Before You Start Writing
So you've decided to write a children's book. That's great! Before you even pick up your pen, here's some tips from the professionals to help you make the best possible start.
Get a good idea
It might sound obvious, but your story has got to stand out.There are millions of books out there and you will be competing with all of them. Google the basic premise of your idea to see if your idea has been done before, and if it has, find a way to make yours different. Your first idea might not be your best, so don't be scared to try a few different approaches.
Stick to what works
There's a time and a place to break the rules, and this isn't it. Stick to the industry specifications and you won't run into problems when it comes to publishing your story later down the line. The specifications vary from project to project, but they usually look something like this:
  • Average 700 words
  • No more than 32 pages
  • Book size 8.5" x 8.5" (other sizes are available, but don't pick a size that isn't supported by your publisher or printer)
Is Your Main Character Human?
While this question might take you by surprise, it's a very important one!
Think about who your reader is going to identify with. Will your character be male, or female? Will they be human, or an anthropomorphic panda? Are they African-American or Polish? This seems difficult because essentially you'll want a wide range of children to read your book, but that doesn't mean your character has to be a bland stand-in of indistinguishable race. Kids identify with real kids.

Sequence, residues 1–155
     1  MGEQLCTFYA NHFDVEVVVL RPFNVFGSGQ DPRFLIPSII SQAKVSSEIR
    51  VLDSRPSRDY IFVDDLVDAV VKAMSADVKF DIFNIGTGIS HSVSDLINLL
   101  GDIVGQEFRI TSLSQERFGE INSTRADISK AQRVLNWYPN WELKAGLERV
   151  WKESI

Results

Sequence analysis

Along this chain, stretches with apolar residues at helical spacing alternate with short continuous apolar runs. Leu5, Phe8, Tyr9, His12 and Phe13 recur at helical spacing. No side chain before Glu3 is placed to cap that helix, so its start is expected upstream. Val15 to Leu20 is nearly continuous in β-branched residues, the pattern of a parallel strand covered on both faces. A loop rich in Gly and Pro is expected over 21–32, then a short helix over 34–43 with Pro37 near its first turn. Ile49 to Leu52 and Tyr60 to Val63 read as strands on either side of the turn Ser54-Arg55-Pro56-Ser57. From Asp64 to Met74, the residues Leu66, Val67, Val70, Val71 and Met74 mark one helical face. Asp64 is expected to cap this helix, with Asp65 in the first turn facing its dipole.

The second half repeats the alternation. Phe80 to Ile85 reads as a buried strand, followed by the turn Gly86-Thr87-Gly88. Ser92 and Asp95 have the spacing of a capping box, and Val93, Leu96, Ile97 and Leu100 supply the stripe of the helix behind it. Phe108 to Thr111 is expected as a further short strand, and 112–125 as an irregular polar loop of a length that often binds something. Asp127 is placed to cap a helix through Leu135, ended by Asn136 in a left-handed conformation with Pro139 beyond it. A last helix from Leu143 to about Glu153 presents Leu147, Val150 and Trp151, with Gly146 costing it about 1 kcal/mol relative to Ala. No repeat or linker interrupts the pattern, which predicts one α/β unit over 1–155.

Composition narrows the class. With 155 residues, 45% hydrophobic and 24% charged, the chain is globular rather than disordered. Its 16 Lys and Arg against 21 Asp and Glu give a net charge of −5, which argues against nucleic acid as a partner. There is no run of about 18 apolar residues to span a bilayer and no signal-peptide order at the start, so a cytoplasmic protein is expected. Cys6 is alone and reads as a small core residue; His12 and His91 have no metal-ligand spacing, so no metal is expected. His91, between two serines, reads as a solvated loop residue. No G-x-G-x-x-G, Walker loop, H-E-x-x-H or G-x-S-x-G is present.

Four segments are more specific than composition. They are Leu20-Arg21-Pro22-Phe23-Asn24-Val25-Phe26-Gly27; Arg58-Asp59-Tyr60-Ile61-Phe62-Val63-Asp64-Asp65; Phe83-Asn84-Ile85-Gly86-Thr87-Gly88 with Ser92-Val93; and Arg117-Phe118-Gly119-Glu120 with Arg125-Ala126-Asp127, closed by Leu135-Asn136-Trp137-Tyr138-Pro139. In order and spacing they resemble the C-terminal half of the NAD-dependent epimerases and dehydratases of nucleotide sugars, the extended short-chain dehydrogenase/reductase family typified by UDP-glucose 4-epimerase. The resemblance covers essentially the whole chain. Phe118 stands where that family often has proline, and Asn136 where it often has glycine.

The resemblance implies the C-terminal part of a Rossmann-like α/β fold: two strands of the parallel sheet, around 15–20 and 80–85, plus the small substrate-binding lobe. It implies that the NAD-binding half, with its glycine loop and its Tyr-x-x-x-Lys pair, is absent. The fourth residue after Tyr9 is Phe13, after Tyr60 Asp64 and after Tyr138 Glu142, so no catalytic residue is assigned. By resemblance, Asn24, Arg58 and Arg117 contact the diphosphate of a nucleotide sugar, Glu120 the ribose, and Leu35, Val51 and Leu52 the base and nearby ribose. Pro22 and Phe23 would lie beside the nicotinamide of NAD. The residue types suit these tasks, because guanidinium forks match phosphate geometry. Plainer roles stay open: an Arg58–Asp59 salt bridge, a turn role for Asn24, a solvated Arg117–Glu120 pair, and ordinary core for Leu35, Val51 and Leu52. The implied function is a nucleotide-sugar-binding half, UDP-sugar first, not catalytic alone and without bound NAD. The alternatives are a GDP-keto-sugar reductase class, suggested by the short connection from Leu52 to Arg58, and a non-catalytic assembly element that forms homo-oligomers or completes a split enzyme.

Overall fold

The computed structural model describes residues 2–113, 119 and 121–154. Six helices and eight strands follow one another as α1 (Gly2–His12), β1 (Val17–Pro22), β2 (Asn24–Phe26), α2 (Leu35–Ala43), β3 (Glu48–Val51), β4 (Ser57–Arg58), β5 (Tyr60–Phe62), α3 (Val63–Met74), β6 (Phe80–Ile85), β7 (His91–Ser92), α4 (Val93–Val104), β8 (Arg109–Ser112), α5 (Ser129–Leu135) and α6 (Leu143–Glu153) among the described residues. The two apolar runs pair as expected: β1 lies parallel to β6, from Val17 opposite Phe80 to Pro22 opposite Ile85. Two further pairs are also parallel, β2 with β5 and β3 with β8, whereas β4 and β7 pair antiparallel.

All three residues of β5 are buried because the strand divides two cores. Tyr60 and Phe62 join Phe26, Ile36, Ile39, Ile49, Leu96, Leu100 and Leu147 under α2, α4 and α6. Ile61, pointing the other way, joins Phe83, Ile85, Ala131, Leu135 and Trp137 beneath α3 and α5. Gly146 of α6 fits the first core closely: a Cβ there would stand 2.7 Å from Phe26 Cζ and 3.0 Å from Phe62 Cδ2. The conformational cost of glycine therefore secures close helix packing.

Whoever you decide your main character (or characters) will be, they need to be seem REAL. They need to be appealing in a positive way, even if they are naughty. If kids don't like them, they won't want to read about them. So create positive personality traits that children can relate to and ensure your character feels like a real person with real emotions and you'll be onto a winner.
Don't Over Complicate Things
Picture books are popular amongst young children and for that reason the stories shouldn't be overly complicated. Younger readers don't have the best attention span. So if you start getting too complicated and diving into the character's complicated back story, you'll lose your reader.
Simple doesn't have to boring though, in fact, it's quite a challenge to create a good story using less words. You should still employ the same structure as you would in other stories with a beginning, a middle and an end. Keep sentences short and easy to follow. You can throw in one or two big words, but otherwise stick to simple language.
Use Repetition
Kids LOVE repetition. Repetition of words, repetition of phrases, repetition of story scenes, even illustrations! Utilise this to your advantage in a way that adds to your book.
To Rhyme, or not to Rhyme?
Picture Books are different to most other books in that they are almost always read out loud. Reading is a great way for parents to connect with their children and rhyming books are perfect for this. If you're thinking of writing a rhyming book, be sure you are confident in your ability to rhyme well, (it's a lot harder than you think!) and try reading your script out loud several times to get a feel for the flow and how it sounds in spoken word.
For more information about illustrating or publishing, pop us an email and we'd be happy to chat about your project

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